I woke up one morning and I was a widow. That made no sense. I am a member of
the forever-young generation, after all. I still didn’t feel like a grown-up; how could I
possibly be a widow? I wrote AfterImage: A Brokenhearted Memoir of a Charmed Life, in part, to try to make sense of this odd, new state of being – to try to
make sense of what was going to be the rest of my life.
Now that my book is newly out in the world, I find myself having to field questions
about the experience of losing my husband, the experience of transitioning to young
widowhood, the experience of telling my story. Struggling to answer these questions
has offered certain revelations: notably, I’m not afraid of very much any more. I am less
limiting of myself. I am less concerned about what people think of me. Cliched but true:
I don’t sweat the small stuff… as much.
But I sweat some new stuff, too. I cannot sit in a doctor’s waiting room without my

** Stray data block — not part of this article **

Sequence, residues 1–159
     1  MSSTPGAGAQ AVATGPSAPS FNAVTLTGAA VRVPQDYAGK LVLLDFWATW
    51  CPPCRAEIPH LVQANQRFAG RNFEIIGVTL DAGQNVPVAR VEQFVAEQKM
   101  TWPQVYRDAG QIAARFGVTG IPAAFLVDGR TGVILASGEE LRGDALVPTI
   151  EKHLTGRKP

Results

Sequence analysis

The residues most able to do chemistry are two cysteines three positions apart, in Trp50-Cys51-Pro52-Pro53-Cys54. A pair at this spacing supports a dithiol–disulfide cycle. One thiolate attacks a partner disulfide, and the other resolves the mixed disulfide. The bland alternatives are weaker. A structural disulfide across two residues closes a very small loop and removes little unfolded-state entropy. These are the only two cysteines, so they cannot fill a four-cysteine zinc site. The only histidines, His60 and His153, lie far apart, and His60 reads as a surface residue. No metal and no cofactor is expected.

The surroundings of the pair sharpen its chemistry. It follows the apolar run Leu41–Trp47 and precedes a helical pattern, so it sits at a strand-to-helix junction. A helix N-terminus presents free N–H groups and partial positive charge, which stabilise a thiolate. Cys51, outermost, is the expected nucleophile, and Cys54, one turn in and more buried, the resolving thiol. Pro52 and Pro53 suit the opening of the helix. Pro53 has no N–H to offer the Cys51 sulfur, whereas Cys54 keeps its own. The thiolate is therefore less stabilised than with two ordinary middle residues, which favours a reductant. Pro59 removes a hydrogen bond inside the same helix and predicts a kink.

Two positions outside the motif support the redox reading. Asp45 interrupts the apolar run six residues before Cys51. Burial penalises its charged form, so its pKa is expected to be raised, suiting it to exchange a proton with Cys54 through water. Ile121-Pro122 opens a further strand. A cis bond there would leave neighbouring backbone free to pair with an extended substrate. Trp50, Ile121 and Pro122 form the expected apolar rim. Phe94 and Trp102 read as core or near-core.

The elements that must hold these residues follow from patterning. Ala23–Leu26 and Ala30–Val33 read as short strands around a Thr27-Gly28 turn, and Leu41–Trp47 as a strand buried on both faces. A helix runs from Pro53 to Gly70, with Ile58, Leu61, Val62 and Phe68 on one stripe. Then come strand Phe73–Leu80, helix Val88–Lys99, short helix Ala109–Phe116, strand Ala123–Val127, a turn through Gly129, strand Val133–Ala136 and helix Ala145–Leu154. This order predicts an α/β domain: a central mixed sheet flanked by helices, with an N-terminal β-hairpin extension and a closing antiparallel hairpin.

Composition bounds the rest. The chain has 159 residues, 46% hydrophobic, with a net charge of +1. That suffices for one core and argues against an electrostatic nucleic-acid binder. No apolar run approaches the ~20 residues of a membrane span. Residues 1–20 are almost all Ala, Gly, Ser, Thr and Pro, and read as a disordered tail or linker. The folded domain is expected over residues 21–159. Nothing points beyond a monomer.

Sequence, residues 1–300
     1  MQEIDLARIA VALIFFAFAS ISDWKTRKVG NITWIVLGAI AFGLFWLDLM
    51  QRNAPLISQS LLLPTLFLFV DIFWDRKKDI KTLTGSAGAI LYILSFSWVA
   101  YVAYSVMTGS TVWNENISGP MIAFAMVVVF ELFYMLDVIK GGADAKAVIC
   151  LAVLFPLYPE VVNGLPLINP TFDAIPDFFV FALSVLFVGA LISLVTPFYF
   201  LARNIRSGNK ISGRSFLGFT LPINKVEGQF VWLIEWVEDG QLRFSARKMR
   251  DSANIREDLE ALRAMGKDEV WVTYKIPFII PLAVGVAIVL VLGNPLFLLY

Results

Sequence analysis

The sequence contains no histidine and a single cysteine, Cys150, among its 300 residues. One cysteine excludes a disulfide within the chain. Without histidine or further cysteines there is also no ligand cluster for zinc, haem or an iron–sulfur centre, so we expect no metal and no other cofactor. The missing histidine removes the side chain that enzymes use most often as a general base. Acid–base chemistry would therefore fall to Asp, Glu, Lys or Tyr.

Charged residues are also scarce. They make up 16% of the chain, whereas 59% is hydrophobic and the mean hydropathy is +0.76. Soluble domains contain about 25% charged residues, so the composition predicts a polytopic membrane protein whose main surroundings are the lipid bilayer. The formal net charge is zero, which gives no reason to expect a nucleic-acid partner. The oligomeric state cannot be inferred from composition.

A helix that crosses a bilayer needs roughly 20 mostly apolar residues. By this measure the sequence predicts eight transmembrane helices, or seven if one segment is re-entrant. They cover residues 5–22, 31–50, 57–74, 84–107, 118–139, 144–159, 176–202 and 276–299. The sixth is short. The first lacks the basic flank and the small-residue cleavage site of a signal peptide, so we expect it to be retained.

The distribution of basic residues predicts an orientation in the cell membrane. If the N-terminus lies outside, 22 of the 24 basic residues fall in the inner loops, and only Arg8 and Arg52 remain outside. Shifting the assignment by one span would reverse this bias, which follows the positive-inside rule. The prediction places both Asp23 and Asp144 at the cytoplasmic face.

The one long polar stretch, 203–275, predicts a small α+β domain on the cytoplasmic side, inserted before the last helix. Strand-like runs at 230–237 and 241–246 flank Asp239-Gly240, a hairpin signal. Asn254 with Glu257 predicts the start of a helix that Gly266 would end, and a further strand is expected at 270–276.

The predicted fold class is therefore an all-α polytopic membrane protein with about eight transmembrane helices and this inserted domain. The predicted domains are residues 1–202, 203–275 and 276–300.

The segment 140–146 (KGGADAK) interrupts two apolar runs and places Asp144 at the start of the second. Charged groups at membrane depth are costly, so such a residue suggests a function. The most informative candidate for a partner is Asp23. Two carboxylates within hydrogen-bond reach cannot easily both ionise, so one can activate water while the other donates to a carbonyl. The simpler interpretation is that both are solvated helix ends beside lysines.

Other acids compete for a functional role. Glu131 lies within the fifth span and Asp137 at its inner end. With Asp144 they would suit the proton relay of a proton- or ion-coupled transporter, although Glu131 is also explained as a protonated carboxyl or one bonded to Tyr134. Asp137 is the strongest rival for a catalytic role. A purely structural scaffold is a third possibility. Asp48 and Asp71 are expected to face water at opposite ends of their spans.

blood pressure rising. When I recently visited a friend in the hospital (more high blood
pressure, fiercely pounding heart), I apologized that I could not join him on a walk
around the halls. My hospital visit was something of a surgical strike, pun intended.
Straight to the room and out of there.
And, as it turns out, I’m still scared of speaking in front of a roomful of people, as I
did at my first book-signing a few nights ago. But I practiced my remarks. And my
reading. I practiced for days. I practiced first thing in the morning. I practiced while
taking long walks around the neighborhood. I practiced in bed late at night. And some
of the anxiety subsided. I was grateful that what lay ahead was something that could be
eased by rehearsing… unlike widowhood which, no matter how I envisioned it or, more
accurately, suppressed envisioning it, could not be rehearsed. Like childbirth, there is
no real preparation for losing a loved one, your most loved one. You may have attended
every Lamaze class and perfected your breathing techniques, but when that first wallop of
contraction surges, you know you are unprepared. Such is widowhood. There is no dress
rehearsal. You just wake up one morning and you are a widow.
The good news is: even so, I still don’t feel like a grown-up.